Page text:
The lush city of Palmares Tres shimmers with tech and tradition, with screaming gossip casters and practiced politicians. In the midst of this vibrant metropolis, June Costa creates art that’s sure to make her legendary. But her dreams of fame become something more when she meets Enki, the bold new Summer King. The whole city falls in love with him including June’s best friend, Gil. But June sees more to Enki than amber eyes and a lethal samba. She sees a fellow artist.
Together, June and Enki will stage explosive, dramatic projects that Palmares Tres will never forget. They will add fuel to a growing rebellion against the governments strict limits on new tech. And June will fall deeply, unfortunately in love with Enki. Because like all Summer Kings before him, Enki is destined to die.
Warnings: use of racist slurs
The Summer Princes is, at its core, about generational divide, or at least that is what I got through its slow building plot that talks about political machinations, the warping of tradition and the true meaning of rebellion. The book starts off with the main character, June, excited about the election of the new Summer King Enki (don’t worry, it does explain why the book is called Summer Prince and not Summer King), and her being selected for a prestigious art competition for a special Queen’s award that would set her career on a glorious path. June’s art and Enki’s rebellion make them allies, and they have in between them a common factor in the form of Gil, who is June’s best friend and Enki’s consort/boyfriend. June is in love with Enki, but is also in awe of how easily he charms people, how his passion shines through him, and how brightly he burns. As the story goes on, she starts to face her privilege, and how much she has to learn when it comes to rebelling.
The world of this book puts us way into the future, in a post-apocalyptic setting where the wars waged by men have paved a way for the matriarchal society of Palmares Tres. They don’t trust men with power, and so the Summer Kings are killed every five years (after serving only one year as King) in a ceremonial sacrifice that also elects their Queen for the next term. Despite being built on technological marvels that sustain the pyramid of a city, the current Palmares Tres shuns new technology, after seeing what it did to Tokyo Ten, in which nearly all of the populace immortalized themselves into data streams. The city thrives in its celebration of art and music, and you can feel it in the way it is described and written from June’s POV, but it also has a class system, with tiers denoting rank and affluence, and when Enki, from the lowest tier, makes it as the Summer King, he instantly becomes the beloved of everyone. He seeks to connect to the city and change it for the better, which is why he takes on various illegal biomods which will eventually kill him anyway.
There is a lot going on, emotionally, in the book, but it takes quite a while to get there. That, coupled with the fact that the book barely makes an effort to explain to us the tech, the society or the construct of the world more clearly means that much of the first half of the book is confusion for a reader, especially for one who is reading on audio. I didn’t get half of the terms – I consulted some reviews, and other online resources to find the words – like waka or grande, and it takes some time to understand where the story intended to go. The central issue is the grandes controlling the city with an iron fist, and the political schemes they wage among themselves for power, without any concern for the citizens they serve. With life expectancy raised to about two centuries of lifespans, theirs is a society that has a large generational divide, making for a demarcation of wakas, who are under 30 years, and considered immature, irresponsible and spoiled by the grandes. Much of the main beats of the plot come in the second half, which makes for an uneven plot, that is extremely slow in the start, and then dumping everything in the second half.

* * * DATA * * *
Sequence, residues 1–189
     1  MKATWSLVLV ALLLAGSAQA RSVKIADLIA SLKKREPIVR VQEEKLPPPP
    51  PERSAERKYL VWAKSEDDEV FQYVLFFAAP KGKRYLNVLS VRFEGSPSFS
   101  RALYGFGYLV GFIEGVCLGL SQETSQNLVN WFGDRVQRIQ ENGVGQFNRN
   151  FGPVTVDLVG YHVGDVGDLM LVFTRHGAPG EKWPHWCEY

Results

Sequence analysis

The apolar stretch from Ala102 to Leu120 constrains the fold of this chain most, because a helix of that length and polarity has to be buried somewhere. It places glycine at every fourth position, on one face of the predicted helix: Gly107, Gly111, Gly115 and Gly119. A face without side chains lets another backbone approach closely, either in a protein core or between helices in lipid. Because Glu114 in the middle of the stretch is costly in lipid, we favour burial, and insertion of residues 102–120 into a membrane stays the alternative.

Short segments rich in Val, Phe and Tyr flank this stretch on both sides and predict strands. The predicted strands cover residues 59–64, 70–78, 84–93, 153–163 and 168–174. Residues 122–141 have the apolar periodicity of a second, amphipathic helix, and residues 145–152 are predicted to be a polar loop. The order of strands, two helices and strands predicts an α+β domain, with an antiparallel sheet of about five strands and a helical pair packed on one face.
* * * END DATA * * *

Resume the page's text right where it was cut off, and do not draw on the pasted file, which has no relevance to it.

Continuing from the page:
Because of the slower pace in the first half, the events in it seem mostly superfluous, and with the way June is constructed, it doesn’t much endear her to the reader. She is, in a word, spoiled – not just confident in her ability, but arrogant to assume that she deserves to be called the best. Her attitude towards her art is also more performative – chasing accolades and reknown, instead of being passionate about what she wants to convey – which sorta works because her art creates spectacles. This also means that she has a lot to learn in the second half, about how her place in society gives her advantages, how much she is willing to pay for her rebellion, and how much can she love a person. She gains a better understanding of the people around her, and through Enki, about her city. It isn’t a romance, really, as Enki loves Gil more, but there’s a firm bond between her and him, too, that is borne of a shared goal and passion. Enki, for his part, has snippets of POV that explain his actions and decisions, but I felt there could have been more from him.
The narrator does a passable job of it, but I don’t know if the exaggerated flair and emphasis of June’s speech was supposed to reflect her characterization or just a general feel to the storytelling. Enki’s narrator didn’t use the same accent or the flair that June’s idea of him indicates, so it felt incongruous. June’s narration also made for a slower diction, and I kept increasing the speed of the book because I kept falling asleep while reading it lol. Still, I kinda liked the effect, and loved the song at the end. Overall, it is a richly imagined world with a terrific central plot, but it does have its problems with making us understand it clearly.
Is it diverse? Set in a futuristic Brazilian arcology with Latinx cast, matriarchal society, also basically everyone’s queer